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the old Canon 100-400 L IS?
Old 11-07-2016   #1
Spanik
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the old Canon 100-400 L IS?

Can anyone tell me if this would be a decent choice? I do not have much experience with teles as I'm more a wide angle adept. But I'd like to "shoot" a few birds in the (small) back garden. No intention of doing this on a grand scale, just when sitting outside to have something to do. A second hand one would just be in the budget.
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Old 11-07-2016   #2
mfunnell
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I've had mine for a great many years and given it lots of use - often but not exclusively for photos of birds. Here are some examples:









[PM me if you'd like to see full-sized samples. But I can assure you that mine is a very sharp lens indeed.]


I think it's an excellent lens and I've had great use of mine. It has been retired now in favour of the new Mk II version (faster focus, closer MFD and better stabiliser) - I keep meaning to sell the old one, I just haven't got around to it yet. But I'll be very sad to see it go as it's taken a lot of photos I really like.

...Mike
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Old 11-07-2016   #3
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So for occasional use it would be "good ebough" I guess. The birds in my garden are not that exotic.
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Old 11-07-2016   #4
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Quote:
Originally Posted by Spanik View Post
So for occasional use it would be "good ebough" I guess. The birds in my garden are not that exotic.
I suppose you could see some of our birds as exotic. Most of our other critters are pretty ordinary, though:


[Also with the original 100-400 IS; but near my father's place, not mine.]

...Mike
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Old 11-07-2016   #5
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Great lens. I used one on safari for several years. Sharpness begins to drop at 400mm, but going to F8 pretty much offsets this. The push-pull mechanism tends to inhale dust (hence the name 'dust trombone' for this lens in online discussions), but this is mostly an issue in Africa and other dusty places.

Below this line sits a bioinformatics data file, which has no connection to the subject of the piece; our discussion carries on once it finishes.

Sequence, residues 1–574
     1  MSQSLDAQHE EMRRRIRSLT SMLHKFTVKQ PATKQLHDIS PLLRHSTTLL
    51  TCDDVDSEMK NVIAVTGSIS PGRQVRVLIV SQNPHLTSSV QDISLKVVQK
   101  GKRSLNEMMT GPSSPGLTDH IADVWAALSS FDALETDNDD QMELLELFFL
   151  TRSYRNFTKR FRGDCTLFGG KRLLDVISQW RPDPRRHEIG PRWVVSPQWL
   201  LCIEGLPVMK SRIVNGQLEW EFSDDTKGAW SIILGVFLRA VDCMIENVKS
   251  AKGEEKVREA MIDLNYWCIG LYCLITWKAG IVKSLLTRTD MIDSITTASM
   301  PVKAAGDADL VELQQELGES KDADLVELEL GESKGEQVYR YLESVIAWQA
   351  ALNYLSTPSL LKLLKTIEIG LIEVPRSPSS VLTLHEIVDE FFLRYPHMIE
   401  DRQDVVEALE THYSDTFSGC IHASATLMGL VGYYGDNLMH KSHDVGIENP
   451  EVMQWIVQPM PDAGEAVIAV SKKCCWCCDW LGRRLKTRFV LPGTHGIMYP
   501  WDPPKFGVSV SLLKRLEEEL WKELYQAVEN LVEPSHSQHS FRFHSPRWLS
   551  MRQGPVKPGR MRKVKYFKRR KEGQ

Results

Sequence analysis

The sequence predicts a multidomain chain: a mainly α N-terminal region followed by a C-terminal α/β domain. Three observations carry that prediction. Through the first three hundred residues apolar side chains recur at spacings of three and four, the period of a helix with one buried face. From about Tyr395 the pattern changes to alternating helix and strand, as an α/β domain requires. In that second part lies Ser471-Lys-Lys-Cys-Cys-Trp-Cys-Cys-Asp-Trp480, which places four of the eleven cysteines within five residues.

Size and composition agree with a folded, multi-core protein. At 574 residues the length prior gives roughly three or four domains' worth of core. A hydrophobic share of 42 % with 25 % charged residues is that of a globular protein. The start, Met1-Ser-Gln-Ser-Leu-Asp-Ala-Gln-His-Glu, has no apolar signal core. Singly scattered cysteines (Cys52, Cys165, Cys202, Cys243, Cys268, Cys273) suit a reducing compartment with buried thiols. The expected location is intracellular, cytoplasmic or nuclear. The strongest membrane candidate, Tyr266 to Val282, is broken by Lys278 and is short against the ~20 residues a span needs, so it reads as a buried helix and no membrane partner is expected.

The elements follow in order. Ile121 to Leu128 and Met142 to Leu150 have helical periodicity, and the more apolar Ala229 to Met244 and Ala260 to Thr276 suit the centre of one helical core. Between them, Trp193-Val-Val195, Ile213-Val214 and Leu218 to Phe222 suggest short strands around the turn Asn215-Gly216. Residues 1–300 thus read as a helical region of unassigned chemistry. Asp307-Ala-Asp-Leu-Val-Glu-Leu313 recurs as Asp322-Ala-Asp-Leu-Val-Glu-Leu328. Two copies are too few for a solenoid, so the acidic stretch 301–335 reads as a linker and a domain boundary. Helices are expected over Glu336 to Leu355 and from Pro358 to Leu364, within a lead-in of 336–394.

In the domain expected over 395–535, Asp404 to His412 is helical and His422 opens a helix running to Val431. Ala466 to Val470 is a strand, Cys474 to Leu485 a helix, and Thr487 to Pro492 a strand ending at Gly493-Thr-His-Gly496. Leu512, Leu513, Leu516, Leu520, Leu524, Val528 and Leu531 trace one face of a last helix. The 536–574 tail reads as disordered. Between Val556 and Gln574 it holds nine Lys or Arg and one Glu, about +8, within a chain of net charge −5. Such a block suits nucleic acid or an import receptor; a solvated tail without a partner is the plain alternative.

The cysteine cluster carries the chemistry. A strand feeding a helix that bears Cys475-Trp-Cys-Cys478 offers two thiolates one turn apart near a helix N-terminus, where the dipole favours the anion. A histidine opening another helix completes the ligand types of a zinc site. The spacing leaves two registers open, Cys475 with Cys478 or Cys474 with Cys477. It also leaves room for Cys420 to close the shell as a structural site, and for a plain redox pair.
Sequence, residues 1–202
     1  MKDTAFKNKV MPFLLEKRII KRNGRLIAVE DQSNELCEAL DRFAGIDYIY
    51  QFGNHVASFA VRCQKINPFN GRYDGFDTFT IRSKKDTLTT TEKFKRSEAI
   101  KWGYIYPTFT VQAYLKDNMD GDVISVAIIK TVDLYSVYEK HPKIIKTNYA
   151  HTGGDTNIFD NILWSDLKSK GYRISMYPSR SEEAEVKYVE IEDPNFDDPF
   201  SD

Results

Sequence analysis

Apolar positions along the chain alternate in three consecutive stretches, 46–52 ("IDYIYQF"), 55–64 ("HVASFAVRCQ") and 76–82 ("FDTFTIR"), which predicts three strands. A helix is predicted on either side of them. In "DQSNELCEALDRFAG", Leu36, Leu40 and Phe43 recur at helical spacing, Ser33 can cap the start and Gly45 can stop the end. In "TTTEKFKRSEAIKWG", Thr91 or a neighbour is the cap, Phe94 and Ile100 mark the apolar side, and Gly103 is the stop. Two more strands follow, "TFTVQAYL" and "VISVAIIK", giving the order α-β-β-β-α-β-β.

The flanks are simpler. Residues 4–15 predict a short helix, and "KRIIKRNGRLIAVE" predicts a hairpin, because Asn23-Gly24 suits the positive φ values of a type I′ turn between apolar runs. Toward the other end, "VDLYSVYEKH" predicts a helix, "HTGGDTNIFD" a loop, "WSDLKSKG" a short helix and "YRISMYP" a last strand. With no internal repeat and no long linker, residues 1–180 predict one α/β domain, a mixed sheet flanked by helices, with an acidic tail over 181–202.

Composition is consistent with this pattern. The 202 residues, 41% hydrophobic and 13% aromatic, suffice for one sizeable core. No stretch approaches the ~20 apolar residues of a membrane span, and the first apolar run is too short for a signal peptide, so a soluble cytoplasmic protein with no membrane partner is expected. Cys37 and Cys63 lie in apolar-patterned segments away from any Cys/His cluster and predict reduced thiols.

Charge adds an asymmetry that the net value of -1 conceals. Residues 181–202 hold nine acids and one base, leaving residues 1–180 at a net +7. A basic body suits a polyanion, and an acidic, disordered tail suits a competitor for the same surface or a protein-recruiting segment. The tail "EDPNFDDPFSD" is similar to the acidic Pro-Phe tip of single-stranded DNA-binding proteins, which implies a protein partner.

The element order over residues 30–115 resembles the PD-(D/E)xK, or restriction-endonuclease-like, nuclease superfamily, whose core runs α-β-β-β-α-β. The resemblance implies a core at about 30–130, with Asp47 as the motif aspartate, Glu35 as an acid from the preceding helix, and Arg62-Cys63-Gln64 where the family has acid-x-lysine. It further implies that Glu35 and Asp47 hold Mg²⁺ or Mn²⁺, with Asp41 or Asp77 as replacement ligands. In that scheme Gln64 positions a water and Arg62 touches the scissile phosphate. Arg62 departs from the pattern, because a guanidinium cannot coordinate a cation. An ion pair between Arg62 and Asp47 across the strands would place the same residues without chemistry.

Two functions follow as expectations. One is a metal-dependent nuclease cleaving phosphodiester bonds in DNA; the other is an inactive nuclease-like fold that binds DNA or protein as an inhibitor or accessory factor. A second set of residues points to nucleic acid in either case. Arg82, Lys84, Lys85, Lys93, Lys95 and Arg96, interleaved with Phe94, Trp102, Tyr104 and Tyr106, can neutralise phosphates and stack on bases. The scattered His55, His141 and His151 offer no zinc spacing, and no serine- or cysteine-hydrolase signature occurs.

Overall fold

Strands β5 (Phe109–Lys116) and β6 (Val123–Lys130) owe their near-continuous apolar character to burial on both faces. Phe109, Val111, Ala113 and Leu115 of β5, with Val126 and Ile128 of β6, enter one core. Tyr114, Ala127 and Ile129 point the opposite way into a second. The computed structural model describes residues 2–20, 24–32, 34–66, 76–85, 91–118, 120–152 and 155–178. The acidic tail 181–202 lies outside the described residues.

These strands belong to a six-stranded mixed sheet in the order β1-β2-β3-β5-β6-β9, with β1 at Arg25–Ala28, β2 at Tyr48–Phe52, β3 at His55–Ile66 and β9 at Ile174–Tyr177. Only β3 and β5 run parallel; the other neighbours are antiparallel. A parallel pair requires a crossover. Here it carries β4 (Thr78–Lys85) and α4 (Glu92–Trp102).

Go for it!

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Old 11-07-2016   #6
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Quote:
Originally Posted by KEH View Post
Sharpness begins to drop at 400mm, but going to F8 pretty much offsets this
I'm not entirely sure that's so, though no doubt stopping down does increase sharpness a little, and DOF as well. While I've not done the testing to be able to tell for sure, I've always thought that miniscule differences in focus (more critical at longer focal lengths) are the more likely culprit. Here's a comparison of 100% unsharpened crops @400mm of successive frames using the same camera, same lens (original 100-400L) and exposure, but with re-focus (birds move!) between them. Nailed one, just barely missed focus on the other:


[of course, the photo I like better is the one with the slight "miss"]

...Mike
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Old 11-07-2016   #7
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I've had one since it came out. It's been repaired once - by Canon - and isn't the sharpest lens going. I get better results from a non-IS 70-200 2.8 and enlarging the photo. Perhaps I just have a weak lens. Don't know.
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Old 11-08-2016   #8
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You might look at the Canon 400/5.6L as an alternative. It lacks IS but it's sharp as a tack--at least mine was/is. It sort of developed a cult following with bird photographers for its sharpness and ease of handling. I bought it for use with 35mm cameras to photograph birds and I had to use it on a tripod most of the time due to film ISOs. With digital, it was easy to handhold even without IS. And since I used it with APS-C bodies, it magically became a 640mm lens--a very Good Thing when photographing birds.

I've also used the older non-IS 70-200/2.8L with the Canon 2X Extender. I was pretty happy with the results although it wasn't as sharp as the pictures with the 400/5.6L.
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Old 11-08-2016   #9
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If its just for birds etc why not go for the 300mm f4 that is a sharp lens, I had one years ago and its one of the lenses I wished I hadn't sold but it was in the days of poor high iso with canon 1ds and d60s so you really needed 2.8 lenses, now with more modern dslr it would be really good. that with a 1.4 converter becomes a 420 5.6 I would be very surprised if the 100-400 was ever as sharp as the 300mm f4 or the 400mm f5.6 I think you would have to go for the newer one. The 2x converter is ok but any of the 1.4 converters are much better. Since canon went full frame I use my 1.4x converter on my 300mm 75% of the time.
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Old 11-08-2016   #10
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I have one, and use it for sports - albeit just my sons' rugby games. The images are - at least to my eyes - really good. I think the only limitations are the reasonably slow aperture, push-pull zoom and rather distant minimal focus distance. Other than that, for the price and flexibility, it's excellent.
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